Most vehicles in the modern era are now equipped with automatic transmission systems controlled electronically. Rapid technological advancements have paved the way for automation of torques, power transfer, and gears, among others. These advancements led to the emergence of novel transmission technologies such as CVT (continuously variable transmission), which delivers more power and fuel efficiency by leveraging a variable set of gears that allow the engine to run at its optimum RPM; dual-clutch transmission, which uses two separate clutch discs for odd- and even-numbered gears to facilitate easier gear shifting; and the semi-automatic transmission, which enables the driver to choose between maintaining full control over shifting and putting the transmission in a fully automatic mode.
The shift to electrification
The automotive industry is no stranger to evolution. This is evident from the string of emerging trends in the automotive industry over the years, the most prominent among them being the onset of the EV revolution.
Electric vehicles are set to disrupt automotive industry trends over the years ahead. For instance, in Europe, July 2020 emerged as a record-breaking month for electric vehicle registrations. According to JATO estimates, EV volumes in the month saw a year-on-year rise of nearly 131 percent, reaching 230,700 units.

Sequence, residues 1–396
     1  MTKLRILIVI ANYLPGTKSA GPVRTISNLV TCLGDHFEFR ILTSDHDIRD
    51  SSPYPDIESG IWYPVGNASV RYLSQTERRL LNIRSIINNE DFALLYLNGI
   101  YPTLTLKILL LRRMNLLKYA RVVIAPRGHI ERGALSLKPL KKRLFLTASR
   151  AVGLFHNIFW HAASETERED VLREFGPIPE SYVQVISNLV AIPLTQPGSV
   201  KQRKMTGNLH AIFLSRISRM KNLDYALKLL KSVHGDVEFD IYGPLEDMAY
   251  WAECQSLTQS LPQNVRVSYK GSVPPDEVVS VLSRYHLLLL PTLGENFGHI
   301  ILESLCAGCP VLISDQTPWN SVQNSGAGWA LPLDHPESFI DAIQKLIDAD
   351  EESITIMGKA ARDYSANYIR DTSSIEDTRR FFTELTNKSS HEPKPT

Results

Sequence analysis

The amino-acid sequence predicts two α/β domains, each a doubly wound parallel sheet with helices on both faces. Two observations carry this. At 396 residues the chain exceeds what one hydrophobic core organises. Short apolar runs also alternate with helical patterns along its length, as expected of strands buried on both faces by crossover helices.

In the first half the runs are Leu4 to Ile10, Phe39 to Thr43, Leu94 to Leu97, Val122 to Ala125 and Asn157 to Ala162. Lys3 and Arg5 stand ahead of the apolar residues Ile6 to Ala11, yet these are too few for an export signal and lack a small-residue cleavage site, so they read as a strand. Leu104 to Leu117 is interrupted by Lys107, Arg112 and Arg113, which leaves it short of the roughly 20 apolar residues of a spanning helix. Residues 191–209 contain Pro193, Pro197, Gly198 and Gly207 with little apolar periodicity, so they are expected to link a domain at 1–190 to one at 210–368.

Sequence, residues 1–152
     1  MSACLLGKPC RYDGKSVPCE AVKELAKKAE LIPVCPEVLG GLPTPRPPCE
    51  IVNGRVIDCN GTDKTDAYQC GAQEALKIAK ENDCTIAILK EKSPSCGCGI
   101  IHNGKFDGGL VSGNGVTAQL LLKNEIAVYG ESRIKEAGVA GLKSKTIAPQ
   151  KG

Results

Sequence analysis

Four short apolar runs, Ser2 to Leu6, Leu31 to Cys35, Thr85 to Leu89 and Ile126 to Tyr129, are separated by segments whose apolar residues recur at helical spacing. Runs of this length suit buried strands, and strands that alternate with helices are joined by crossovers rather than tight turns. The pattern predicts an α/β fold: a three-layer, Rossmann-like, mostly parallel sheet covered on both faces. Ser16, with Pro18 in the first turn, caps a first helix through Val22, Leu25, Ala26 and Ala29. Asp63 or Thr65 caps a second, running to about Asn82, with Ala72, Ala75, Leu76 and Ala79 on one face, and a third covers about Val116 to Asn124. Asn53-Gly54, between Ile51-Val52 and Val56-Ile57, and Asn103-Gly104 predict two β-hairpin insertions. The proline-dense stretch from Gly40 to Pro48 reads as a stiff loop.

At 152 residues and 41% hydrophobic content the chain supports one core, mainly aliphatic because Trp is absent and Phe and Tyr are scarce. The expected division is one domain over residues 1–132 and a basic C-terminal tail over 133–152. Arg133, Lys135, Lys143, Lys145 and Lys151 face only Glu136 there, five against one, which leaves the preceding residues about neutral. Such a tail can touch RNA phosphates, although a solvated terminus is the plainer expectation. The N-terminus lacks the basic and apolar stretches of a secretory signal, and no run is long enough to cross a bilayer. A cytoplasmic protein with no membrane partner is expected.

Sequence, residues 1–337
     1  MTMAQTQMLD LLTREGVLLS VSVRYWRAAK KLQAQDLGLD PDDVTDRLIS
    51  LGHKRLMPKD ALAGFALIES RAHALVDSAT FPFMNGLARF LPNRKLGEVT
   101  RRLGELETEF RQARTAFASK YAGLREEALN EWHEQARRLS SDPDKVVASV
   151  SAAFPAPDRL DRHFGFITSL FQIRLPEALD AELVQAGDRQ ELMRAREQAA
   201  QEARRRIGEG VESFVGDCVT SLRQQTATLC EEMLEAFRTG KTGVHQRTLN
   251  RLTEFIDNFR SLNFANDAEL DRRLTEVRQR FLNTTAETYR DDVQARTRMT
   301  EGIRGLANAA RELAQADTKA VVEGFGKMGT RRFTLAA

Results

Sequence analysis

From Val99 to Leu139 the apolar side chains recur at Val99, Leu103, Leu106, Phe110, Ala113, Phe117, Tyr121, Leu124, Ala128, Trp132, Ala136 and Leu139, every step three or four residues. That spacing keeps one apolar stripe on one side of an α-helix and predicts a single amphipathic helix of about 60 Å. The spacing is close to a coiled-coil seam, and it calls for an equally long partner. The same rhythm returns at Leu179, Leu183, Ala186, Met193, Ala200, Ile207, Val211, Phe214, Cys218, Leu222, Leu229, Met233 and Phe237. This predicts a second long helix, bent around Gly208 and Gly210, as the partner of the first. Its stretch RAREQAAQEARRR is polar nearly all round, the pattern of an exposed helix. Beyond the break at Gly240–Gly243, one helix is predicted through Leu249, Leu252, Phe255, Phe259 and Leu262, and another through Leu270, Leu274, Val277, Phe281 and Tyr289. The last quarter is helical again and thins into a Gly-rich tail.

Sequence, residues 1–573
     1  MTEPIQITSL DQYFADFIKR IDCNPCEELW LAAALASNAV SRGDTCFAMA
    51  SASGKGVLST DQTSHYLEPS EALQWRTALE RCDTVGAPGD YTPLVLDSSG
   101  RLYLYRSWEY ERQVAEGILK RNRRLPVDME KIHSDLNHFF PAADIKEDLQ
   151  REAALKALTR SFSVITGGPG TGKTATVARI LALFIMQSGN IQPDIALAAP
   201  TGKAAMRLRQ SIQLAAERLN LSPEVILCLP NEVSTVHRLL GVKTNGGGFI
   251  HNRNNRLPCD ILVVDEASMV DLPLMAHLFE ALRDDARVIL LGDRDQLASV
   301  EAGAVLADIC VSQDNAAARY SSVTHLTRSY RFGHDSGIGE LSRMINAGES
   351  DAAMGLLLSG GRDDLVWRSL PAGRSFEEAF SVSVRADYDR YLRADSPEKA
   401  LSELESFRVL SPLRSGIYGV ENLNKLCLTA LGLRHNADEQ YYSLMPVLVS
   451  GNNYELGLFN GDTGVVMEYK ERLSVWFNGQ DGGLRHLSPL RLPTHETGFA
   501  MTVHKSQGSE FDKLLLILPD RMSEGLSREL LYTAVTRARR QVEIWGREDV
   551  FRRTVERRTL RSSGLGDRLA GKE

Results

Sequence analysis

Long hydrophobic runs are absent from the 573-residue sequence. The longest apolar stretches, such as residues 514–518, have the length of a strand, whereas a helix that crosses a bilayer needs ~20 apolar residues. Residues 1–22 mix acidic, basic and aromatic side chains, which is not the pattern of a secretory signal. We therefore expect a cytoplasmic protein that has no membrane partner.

This gradual transition to EVs has triggered rapid changes in the way the automotive industry and carmakers are approaching product manufacturing as well. Advancements in gear production techniques and innovations are among the major ways of helping automakers adapt to shifting trends in the market.
Suppliers and OEMs alike are having to change their processes and products in order to accommodate new automotive technologies. For instance, parts that played a key role in ICE production may no longer witness the same interest in an increasingly EV-based automotive landscape.
ICEs usually require more complex gear ratios, in order to keep an engine within a narrow range of speeds for optimum torque and power during acceleration. On the other hand, EV motors can maintain their efficiency across a broad range of speeds and can, therefore, run on single-speed transmissions. However, in order to address any potential range anxieties that may impede EV uptake, drivetrain suppliers and OEMs are working toward developing advanced multi-speed transmission systems designed for electric vehicles.
To illustrate, Canadian automotive supplier Inmotive introduced its patented two-speed transmission, dubbed Ingear, in September 2020. Invented specifically for the next-generation of EVs, the Ingear transmission is designed to be a simple and durable solution for a more efficient powertrain with an extended range at more economical costs.
The recent developments in automotive technologies have also led to intensifying efforts by key automotive transmission manufacturers to usher in new gear manufacturing technologies to cater to the evolving automotive performance needs. For instance, in 2019, Ricardo made an investment of nearly £1.5 million toward cutting-edge gear manufacturing machine tools to enhance and expand its capabilities and productivity. The adoption of tools such as the Klingelnberg spiral bevel grinder has enabled the company to ensure rapid delivery of market-ready components for its current sports car and motorsport transmission range, in turn positioning it at the forefront of digital manufacturing.